Hide yo kids, hide yo wife.
Thank you for tuning in to the second part of our shocking series on feral pets. In our first segment, I drew from the wacky well that is my mother to introduce this strange and alarming practice to you. I will now be expanding outside of my own family circle to the realm of my friends, or I suppose mutual friends here. This next case is brought to you courtesy of the Libertarian. There is not space here for me to begin to explain the Libertarian to you. For now, all you need to know is that he’s a friend of Anya. The Libertarian himself will have to be fleshed out another day, for here I am focusing on his mother. She is quite the character, her defining feature being her well-meaning, if at times extremely misguided, campaign to include Anya in her world, which is her chocolate lab, Penny, her newly engaged eldest son, and the Libertarian, in that order. She’s a ridiculously nice woman, but stretches logic to its breaking point and then some.
She once tried to give Anya an old, but “stylish” cropped white denim jacket... Sorry, no.
Case Study #2 - The Libertarian’s Mother
If you asked her to name ten animals that she doesn’t hate, she’d try to name dog breeds. When you tell her that doesn’t count, she’ll try to divide birds into flying and non-flying so they’ll count as two separate species (because penguins are great, but some birds are gross. Actually can’t disagree with her there). Failing that, the list usually goes something like this:
MOM: Dogs, bunnies, deer, I’m not scared of deer even when they’re really close. My brothers sometimes have fawns in the spring and they’re so cute and they just lay in their laps, have you seen the picture of the one that got into Uncle Max’s chair and just curled up waiting for him? It’s so cute. And Penny loves watching them out the window, they love to eat the apples in our yard.
THE LIBERTARIAN: Ok mom, that was three.
MOM: Ok, well puppies-
THE LIBERTARIAN: You already said dogs!
MOM: Ok so wait, what do I have so far?
And then she gets sidetracked and talks about how much she fears opossums/raccoons
/skunks/weasels/squirrels/rats/mice/bat, it’s a real phobia, what do you think this phobia would be called since it’s not just rodents and it’s not just things with hairless tails, etc. etc. Inevitably, it takes a weird turn into the specificities of the animals she is and is not afraid of. Horses are too big, otters are great but no other member of the mustelid family is acceptable, seals are adorable, armadillos freak her out, she lacks a healthy fear of kangaroos, is totally skeezed by hamsters, the list goes on. So you might find it strange that someone who appreciates the majesty of nature most when it’s far, far away, who lives in constant fear of germs, fleas, and infectious diseases that might kill Penny, as well as coyotes that could attack her when “she just wants to play!” would start leaving food out on the porch for any reason.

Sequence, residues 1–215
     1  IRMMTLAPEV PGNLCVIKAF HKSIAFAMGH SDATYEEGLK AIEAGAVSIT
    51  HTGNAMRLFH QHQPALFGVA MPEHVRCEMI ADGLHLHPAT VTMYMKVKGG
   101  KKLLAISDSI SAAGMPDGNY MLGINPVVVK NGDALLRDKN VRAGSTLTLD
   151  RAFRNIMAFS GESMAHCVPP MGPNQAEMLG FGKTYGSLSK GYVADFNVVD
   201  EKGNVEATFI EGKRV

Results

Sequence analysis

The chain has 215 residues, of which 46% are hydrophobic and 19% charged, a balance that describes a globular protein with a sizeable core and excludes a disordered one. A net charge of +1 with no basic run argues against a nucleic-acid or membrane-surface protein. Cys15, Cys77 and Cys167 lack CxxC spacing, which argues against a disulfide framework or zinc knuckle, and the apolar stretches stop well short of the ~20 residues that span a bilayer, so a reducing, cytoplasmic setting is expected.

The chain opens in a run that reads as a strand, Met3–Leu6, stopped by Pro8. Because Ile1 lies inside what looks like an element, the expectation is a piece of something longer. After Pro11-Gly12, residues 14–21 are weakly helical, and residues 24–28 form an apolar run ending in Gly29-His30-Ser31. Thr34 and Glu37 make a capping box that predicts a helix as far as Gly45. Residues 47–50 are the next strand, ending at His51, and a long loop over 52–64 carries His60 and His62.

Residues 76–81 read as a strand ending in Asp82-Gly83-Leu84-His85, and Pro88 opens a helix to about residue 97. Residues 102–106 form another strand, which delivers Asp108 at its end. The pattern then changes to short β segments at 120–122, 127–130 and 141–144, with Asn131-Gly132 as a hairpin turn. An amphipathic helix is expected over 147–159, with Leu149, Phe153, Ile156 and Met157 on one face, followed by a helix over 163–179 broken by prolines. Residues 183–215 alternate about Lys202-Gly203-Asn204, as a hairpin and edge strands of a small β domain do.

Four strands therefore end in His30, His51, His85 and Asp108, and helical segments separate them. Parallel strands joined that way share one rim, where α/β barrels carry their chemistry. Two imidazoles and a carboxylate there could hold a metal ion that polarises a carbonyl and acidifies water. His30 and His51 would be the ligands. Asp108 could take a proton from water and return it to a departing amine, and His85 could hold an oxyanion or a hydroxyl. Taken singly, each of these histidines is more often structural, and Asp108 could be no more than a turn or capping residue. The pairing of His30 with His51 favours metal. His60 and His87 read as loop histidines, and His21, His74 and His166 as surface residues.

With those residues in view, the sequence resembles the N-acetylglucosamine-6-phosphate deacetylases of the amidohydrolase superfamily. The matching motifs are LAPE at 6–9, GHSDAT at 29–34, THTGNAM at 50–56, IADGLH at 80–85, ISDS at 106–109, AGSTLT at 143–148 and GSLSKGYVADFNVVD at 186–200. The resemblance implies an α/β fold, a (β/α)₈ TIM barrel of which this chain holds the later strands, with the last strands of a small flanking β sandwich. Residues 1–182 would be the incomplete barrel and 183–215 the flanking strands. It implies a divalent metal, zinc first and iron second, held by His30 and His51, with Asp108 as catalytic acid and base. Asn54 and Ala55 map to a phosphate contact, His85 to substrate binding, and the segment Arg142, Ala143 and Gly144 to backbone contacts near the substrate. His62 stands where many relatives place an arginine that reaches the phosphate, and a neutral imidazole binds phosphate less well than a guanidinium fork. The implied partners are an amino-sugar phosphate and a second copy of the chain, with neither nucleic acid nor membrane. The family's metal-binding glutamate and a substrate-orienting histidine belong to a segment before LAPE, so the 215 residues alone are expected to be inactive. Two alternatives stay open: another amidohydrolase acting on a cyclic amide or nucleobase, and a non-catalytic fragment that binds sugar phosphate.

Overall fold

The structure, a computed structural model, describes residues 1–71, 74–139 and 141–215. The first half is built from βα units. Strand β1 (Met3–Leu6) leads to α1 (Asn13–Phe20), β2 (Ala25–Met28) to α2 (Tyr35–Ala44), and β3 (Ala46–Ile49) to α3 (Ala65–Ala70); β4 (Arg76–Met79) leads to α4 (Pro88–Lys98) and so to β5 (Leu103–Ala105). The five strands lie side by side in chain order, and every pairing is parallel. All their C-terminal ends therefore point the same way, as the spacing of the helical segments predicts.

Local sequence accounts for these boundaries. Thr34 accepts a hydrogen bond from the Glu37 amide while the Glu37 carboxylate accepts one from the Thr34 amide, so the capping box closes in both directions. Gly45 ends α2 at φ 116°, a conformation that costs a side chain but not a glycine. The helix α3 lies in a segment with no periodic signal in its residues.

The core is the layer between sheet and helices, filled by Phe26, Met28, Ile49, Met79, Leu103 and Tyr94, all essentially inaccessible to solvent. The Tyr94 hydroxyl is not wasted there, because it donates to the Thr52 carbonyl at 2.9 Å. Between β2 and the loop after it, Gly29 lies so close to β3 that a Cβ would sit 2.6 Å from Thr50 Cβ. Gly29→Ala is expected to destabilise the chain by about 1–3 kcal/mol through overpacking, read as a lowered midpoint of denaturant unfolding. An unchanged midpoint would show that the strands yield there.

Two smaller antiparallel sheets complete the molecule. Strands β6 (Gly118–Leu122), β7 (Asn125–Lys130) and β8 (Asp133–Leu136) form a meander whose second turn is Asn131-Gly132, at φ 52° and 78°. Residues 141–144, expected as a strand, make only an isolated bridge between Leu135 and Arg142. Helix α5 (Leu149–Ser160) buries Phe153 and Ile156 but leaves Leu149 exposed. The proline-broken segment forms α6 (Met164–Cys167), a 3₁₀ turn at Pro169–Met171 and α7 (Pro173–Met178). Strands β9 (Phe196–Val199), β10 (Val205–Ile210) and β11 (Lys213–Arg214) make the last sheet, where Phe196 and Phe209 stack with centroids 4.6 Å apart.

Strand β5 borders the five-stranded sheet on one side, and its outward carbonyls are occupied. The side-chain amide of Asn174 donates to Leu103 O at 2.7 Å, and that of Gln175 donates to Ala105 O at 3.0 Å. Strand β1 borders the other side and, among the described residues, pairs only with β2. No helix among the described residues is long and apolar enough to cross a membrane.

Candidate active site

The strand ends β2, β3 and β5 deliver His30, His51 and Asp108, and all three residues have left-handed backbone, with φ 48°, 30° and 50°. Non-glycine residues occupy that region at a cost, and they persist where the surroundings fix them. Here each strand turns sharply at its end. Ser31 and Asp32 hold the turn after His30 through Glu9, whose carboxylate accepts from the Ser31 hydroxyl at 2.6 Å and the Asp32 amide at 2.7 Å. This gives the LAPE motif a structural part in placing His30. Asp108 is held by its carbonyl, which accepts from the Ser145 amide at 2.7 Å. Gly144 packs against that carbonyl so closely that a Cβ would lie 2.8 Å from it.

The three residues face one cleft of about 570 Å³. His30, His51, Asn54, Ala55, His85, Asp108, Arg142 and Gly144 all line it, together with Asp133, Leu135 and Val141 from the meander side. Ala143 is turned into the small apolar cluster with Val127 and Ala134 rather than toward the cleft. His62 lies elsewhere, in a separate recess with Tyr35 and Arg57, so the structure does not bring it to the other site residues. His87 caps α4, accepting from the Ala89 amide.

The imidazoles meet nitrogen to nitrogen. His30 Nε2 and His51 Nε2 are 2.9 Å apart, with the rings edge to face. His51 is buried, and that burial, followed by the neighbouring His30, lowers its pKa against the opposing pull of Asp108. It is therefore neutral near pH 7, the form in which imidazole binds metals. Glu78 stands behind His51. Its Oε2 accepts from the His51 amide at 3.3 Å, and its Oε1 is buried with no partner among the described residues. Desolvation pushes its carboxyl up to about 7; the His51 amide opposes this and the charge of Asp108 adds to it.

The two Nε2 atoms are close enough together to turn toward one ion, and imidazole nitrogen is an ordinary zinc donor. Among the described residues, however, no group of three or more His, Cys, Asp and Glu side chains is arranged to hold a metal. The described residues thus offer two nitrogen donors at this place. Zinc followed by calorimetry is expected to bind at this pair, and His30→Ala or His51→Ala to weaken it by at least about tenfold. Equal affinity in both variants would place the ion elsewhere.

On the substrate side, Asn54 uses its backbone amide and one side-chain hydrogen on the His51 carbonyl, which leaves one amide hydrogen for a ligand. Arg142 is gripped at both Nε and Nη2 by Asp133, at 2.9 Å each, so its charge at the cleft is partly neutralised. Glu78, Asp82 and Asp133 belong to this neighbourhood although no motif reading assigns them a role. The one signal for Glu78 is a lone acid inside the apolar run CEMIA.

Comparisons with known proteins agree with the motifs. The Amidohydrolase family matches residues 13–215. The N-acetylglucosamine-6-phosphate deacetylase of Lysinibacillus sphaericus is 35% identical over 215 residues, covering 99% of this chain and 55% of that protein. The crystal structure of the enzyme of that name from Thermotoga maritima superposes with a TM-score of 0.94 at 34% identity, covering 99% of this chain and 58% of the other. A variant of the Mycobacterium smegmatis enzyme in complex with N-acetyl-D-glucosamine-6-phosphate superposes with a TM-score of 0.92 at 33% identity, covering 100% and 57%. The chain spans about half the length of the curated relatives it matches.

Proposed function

Conflict of interest!
The following story is thus even more interesting and bizarre within this context. Without further ado, I’m now going to recount the sad, sad tail of porch cat. One day, the Libertarian’s mother noticed a cat hovering around their back porch. She called it Gray Cat, following my 4-year-old self’s guide to naming stuffed animals by color and species, and began to innocently leave the creature a few scraps leftover from dinner. Next thing you know, she’s buying actual cat food, hanging out with the cat on the porch all summer, and hoping against hope that the Libertarian’s father will somehow suddenly warm up to the idea of a cat in the house. Not happening. At this point, she has forgotten about the fact that she was keeping secret porch cat was a secret, and the more she talks about it, the more her husband realizes that they are quickly approaching the point at which he can no longer refuse to let the cat in the house, because she’ll only ignore him. A confrontation is had, the fate of the cat is decided, and a reconnaissance mission worthy of the Navy SEALs is commenced in order to get the cat out from under the porch and into a laundry basket (because obviously that’s the best way to get the cat anywhere in a car).
We imagine it looking like this. Can you even see the cat way back there?!
The Libertarian, dutiful son that he is (or just easily guilted by the hysterical tears of his mother), agrees to drive with her to the Humane Society for “emotional support”. Hugs are given, tears are shed, cats are relinquished. None of that stopped her from calling weekly to check on Gray Cat, until he was mysteriously and suddenly adopted by an “older woman whose cat had just passed away”. Whether this is true, or just an easy way for the staff to avoid her calls, we’ll never know (well...we basically know). She still gets a little teary when musing on the current whereabouts of Gray Cat.
Much of our work is a collaboration. While this began from my perspective, the majority of the source material for this case study came from Anya’s eyewitness accounts and interviews, having far more access to the Libertarian’s mother than myself, who has no access. Stay tuned for the next installment of Domestic Terror, which will feature a look at the next generation of feral pet keepers, and seek to answer the age old question: where did their parents go wrong?